PHILLIPS: We're going to take you to a live news conference that's just about to begin with regard to the Phillip Garrido Case.

If you have been watching CNN, you have seen live pictures and also video like this from affiliate KGO of authorities once again going through the backyard of Phillip and Nancy Garrido's home. We are watching throughout the day, monitoring what they were doing via this helicopter cam.

They were actually raking up, again, some fences. They were doing some digging in the backyard. They were taking a bunch of pictures. They were putting together sketches. As you know, police have been looking for any evidence related to other missing person's cases. And we understand from this live press, you may hear about another connection to another missing person.


UNIDENTIFIED MALE: Each one of them will be making a statement, and then after that we'll have some Q&A, and then we'll just see how long that goes and then we'll wrap it up some point. Like I also mentioned, we're going to try to get you guys closer up here in this designated press area once those trucks have moved out, OK?

With that, I want to introduce Hayward Lieutenant Chris Orrey.

LT. CHRIS ORREY, HAYWARD POLICE DEPT.: Good morning and thanks very much for your patience.

On November 19, 1988, in South Hayward, California, nine-year-old Michaela Gerecht was abducted by a stranger in front of the Rainbow Market. That case has been investigated for over 20 years, the Hayward Police Department has investigated over 13,000 leads and unfortunately the case has remained unsolved.

On August 27, along with the rest of the world, we learned about the break in the Jaycee Dugard abduction. As we learned about that case, we saw more and more similarities to our own abduction in 1988. These similarities included the physical appearance and ages of the victims, the manner of the abduction, that they were taken in a very brazen manner in broad daylight in a public place;, the similar vehicle descriptions between the vehicle uses in 1988 and the vehicle towed off the Garrido property recently. As well as the description of Phillip Garrido in the late '70s, early '80s, pictures we have obtained of him in that time in comparison to the police artist sketch done in 1988 by the witness to Michaela's abduction.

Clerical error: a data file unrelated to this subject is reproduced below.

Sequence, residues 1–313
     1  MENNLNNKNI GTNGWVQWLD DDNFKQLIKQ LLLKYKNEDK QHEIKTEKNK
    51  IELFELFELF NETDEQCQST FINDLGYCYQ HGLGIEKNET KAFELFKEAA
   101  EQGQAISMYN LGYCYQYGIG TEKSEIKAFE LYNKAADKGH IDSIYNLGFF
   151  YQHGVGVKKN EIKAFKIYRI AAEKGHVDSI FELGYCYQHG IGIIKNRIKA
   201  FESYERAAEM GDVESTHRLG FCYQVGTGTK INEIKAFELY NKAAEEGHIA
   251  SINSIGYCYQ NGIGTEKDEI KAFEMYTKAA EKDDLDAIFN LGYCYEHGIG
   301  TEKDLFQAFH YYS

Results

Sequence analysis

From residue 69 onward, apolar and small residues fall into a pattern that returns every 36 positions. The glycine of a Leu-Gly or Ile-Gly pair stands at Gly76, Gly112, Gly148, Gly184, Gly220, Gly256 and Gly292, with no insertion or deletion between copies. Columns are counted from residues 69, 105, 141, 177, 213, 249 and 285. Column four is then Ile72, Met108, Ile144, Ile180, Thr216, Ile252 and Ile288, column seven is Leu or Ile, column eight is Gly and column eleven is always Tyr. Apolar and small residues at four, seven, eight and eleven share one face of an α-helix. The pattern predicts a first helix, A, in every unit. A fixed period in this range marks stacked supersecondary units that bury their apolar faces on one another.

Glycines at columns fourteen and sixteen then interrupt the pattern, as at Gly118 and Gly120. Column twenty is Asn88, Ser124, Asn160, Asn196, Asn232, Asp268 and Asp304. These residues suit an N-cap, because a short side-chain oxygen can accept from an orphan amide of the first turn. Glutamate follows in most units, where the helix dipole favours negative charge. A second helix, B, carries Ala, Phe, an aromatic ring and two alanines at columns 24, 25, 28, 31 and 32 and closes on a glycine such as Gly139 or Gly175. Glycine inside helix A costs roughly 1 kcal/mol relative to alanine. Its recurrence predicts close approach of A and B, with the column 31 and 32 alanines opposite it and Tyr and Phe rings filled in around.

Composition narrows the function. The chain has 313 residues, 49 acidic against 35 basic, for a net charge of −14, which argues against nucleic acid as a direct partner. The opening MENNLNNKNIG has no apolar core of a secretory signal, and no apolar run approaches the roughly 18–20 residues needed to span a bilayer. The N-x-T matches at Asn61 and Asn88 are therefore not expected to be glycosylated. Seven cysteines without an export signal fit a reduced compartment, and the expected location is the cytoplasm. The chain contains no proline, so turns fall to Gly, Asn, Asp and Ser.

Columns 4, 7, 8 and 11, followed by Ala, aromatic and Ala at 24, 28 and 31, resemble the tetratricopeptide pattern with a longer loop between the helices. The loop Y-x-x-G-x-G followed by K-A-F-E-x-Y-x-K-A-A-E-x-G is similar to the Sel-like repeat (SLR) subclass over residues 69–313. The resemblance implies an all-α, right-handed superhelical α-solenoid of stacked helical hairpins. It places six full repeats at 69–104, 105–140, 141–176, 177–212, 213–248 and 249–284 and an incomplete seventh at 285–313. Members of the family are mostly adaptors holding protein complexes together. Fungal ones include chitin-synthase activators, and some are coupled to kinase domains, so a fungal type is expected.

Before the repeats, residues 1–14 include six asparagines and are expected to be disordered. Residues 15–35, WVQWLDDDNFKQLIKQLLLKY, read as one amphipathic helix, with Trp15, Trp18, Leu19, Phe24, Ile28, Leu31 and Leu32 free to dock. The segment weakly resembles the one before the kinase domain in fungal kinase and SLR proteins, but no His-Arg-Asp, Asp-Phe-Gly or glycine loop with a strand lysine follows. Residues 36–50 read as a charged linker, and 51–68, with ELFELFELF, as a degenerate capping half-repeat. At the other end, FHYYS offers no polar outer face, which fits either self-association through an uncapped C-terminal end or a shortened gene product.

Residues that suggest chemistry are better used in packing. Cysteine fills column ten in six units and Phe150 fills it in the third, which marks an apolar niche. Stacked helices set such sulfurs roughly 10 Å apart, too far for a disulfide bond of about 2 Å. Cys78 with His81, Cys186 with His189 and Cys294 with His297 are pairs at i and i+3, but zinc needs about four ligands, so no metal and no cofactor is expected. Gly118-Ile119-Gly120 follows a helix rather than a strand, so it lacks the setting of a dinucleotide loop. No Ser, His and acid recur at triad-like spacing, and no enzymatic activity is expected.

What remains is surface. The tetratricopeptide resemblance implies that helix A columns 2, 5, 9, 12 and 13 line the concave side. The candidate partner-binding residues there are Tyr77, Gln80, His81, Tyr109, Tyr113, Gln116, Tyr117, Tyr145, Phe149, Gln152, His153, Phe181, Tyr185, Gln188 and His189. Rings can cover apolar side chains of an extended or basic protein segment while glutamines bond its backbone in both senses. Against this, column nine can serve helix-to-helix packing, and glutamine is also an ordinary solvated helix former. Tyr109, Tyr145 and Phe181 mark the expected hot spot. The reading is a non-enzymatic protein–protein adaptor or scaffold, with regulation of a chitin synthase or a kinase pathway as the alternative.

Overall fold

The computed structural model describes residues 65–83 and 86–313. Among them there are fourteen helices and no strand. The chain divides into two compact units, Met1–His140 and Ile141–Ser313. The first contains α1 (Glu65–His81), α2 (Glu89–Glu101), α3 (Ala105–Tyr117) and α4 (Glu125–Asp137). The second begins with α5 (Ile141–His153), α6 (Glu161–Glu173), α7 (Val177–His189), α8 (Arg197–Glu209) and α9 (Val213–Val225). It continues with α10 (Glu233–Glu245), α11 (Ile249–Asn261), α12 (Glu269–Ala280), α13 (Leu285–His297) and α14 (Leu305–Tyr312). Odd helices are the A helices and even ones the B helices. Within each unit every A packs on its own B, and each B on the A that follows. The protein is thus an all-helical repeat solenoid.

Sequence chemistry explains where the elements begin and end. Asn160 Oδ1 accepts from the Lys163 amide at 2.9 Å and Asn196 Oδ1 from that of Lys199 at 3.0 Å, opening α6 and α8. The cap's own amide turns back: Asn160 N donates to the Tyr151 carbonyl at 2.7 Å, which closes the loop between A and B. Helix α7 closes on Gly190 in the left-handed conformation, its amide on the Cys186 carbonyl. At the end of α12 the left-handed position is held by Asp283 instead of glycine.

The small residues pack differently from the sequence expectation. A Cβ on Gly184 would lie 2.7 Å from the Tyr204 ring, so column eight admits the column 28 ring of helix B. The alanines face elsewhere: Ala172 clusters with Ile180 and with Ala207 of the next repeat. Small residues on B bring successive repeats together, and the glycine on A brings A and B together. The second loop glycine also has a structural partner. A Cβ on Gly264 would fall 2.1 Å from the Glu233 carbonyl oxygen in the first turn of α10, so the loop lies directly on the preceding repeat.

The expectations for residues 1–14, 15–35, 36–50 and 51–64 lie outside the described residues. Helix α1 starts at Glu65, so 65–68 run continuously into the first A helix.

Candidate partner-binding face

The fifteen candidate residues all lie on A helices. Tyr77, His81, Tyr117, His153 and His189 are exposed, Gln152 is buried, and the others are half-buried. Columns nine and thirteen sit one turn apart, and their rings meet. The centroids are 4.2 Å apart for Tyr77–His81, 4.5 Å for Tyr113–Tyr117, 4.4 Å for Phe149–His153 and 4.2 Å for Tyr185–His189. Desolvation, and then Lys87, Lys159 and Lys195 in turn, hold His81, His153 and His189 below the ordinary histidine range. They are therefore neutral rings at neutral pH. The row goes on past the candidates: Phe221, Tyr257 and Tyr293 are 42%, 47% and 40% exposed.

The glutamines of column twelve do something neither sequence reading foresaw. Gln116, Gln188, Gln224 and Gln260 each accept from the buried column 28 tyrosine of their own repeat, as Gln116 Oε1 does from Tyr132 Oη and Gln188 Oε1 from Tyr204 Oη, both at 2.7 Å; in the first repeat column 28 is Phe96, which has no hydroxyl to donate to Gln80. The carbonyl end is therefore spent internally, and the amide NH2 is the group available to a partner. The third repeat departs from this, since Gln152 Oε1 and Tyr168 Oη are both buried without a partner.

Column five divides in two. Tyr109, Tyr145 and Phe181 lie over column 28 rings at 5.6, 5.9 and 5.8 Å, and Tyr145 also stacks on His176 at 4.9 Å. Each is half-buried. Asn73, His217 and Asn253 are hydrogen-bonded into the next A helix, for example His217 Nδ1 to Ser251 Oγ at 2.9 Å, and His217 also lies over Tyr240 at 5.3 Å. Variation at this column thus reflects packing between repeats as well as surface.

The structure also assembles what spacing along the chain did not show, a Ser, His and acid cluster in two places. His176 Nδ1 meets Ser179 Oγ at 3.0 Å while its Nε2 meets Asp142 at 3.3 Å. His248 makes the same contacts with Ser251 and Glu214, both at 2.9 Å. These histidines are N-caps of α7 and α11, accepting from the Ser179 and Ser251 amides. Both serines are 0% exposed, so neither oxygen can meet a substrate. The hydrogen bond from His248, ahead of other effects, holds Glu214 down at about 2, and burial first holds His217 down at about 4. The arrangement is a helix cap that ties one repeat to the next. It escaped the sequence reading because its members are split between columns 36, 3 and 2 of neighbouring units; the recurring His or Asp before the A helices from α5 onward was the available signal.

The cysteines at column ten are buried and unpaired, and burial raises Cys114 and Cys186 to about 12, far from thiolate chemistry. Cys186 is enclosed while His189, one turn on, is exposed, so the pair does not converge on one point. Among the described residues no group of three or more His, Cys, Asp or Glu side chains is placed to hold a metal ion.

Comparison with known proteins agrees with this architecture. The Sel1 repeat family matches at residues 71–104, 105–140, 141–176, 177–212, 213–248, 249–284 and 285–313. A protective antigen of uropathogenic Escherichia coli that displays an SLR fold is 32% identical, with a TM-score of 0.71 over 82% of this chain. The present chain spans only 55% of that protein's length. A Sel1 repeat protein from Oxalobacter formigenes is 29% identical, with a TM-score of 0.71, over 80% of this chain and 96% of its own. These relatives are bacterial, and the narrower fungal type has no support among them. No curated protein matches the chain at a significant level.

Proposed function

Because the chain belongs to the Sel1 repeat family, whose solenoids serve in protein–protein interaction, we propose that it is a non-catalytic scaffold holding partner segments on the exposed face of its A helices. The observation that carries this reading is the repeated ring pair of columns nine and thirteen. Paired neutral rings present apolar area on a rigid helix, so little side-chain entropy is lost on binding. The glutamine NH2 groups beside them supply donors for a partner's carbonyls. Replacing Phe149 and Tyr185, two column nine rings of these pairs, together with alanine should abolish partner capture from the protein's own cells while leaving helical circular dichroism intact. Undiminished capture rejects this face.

For those reasons we obtained a search warrant for the property that had been inhabited by the Garridos, on Walnut Avenue, in unincorporated Antioch, as well as the adjacent property that Phillip Garrido had access to.

Our operation today is being conducted jointly with the Dublin Police Department, with the assistance of the Alameda County Sheriff's Department, the Contra Costa County Sheriff's Department and the FBI. Our aim is to methodically and systematically and very thoroughly search the properties with our own cases in mind, knowing what we're looking for in our cases.